Oral Presentation International Conference on River Connectivity (Fish Passage 2018)

Determining Migration Corridors and Lifecycle cues for Key Commercial, Subsistence and Conservation Freshwater Fish in Myanmar. (#125)

Htun Thein 1 , John Conallin 2 , Zau Lunn 3 , Maung Maung Lwin 1 , Lee Baumgartner 2 , Nyein Chan 3
  1. Research Division, Myanmar Department of Fisheries, Nay Pyi Taw, Myanmar
  2. Institute for Land Water and Society, Charles Sturt University, Albury, NSW, Australia
  3. Fauna and Flora International, Yangon, Myanmar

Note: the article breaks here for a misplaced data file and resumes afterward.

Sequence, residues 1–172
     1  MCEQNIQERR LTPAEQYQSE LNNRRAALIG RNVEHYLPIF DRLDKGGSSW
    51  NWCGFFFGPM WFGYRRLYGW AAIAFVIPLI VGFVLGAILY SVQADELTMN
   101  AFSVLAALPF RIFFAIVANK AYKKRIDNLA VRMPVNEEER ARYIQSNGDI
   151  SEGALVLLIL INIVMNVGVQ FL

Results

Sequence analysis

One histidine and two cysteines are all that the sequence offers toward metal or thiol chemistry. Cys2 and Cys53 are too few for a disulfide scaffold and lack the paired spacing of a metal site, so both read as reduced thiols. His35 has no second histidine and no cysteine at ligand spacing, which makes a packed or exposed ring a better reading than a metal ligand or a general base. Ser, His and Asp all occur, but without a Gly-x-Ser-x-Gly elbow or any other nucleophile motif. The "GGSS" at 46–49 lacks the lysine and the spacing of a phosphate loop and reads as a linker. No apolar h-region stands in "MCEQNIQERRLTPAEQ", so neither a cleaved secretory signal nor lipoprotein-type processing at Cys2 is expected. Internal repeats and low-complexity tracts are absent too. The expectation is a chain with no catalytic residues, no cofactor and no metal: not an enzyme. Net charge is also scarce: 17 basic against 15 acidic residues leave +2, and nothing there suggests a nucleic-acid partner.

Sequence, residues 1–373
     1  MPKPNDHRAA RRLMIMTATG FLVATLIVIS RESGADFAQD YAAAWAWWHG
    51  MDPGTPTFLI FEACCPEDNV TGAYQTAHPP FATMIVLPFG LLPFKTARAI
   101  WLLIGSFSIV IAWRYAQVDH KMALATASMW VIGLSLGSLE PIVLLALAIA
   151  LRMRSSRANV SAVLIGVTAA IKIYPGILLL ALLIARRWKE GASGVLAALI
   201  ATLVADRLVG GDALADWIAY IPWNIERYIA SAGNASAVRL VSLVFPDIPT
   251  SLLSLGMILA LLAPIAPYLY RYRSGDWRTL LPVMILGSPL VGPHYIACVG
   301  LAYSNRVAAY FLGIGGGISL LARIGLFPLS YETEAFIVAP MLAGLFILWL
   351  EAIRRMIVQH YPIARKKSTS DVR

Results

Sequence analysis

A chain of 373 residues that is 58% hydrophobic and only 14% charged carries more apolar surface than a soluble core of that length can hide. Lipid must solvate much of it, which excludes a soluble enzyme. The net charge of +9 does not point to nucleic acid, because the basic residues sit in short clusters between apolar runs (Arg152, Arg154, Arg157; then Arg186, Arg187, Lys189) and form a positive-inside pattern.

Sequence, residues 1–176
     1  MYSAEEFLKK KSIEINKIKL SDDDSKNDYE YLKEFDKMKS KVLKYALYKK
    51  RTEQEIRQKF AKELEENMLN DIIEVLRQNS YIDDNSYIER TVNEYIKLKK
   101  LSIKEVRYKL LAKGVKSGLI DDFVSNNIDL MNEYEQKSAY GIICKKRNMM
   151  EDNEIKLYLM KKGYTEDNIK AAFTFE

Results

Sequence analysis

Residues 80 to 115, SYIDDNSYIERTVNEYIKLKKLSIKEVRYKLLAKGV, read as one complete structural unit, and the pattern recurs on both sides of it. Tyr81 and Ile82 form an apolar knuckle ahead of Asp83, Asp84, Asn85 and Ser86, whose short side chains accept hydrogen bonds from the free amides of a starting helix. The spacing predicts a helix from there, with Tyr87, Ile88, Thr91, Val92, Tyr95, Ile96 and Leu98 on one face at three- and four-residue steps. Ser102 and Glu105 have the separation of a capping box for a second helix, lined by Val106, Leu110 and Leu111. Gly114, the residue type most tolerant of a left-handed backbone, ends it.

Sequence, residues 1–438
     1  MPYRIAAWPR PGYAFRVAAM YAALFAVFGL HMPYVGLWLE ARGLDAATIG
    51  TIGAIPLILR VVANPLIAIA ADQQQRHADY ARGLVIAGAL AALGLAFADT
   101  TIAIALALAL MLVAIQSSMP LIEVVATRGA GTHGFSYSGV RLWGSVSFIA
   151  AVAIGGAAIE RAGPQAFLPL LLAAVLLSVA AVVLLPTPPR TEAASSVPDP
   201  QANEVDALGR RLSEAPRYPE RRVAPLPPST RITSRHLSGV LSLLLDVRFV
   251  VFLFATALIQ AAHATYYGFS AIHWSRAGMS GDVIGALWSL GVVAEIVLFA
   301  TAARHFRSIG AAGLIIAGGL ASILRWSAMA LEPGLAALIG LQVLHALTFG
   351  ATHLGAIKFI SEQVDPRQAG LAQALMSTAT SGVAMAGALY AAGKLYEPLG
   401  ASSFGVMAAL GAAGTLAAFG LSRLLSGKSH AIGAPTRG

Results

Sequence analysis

The fisheries sector plays a vital role in the culture and socio-economic life of Myanmar. Traditionally Myanmar people prefer freshwater fish to marine fish. Fish is one of the most important sources of animal protein and micronutrients in Myanmar with average consumption levels estimated to be approximately 30 kg/person/year, second only to rice. Migratory fish make up an important component of the inland capture fisheries. Little is known about the migration patterns of any of the inland fish species. In the north there are cold water species and anecdotal evidence from fishers and fisheries catch data suggest that these fish take long distance movements to the edge of their water temperature ranges. Species like Hilsa Shad, one of the most economically important fish in the whole of the Bay of Bengal are a known to be anadromous, and have been recorded in freshwater sections of the Ayeyarwady River in Myanmar, but little is known about it from a management and infrastructure sense. In addition to anadromous and potradomous river species, there are many river/wetland species that migrate into and out of wetlands during the wet and dry seasons. These wetland migrators make up a significant proportion of the inland catch, but also act as the main source of protein and micronutirents to inland people, especially the poorer regions. Infrastructure development for rice and power generation would be affecting these species, but how is not well studied. To fill some of these knowledge gaps to improve management for these species, Myanmar Department of Fisheries is working with local and international organisations on research projects to improve our understanding of the migratory species within Myanmar and they are presented in these projects are presented in this talk.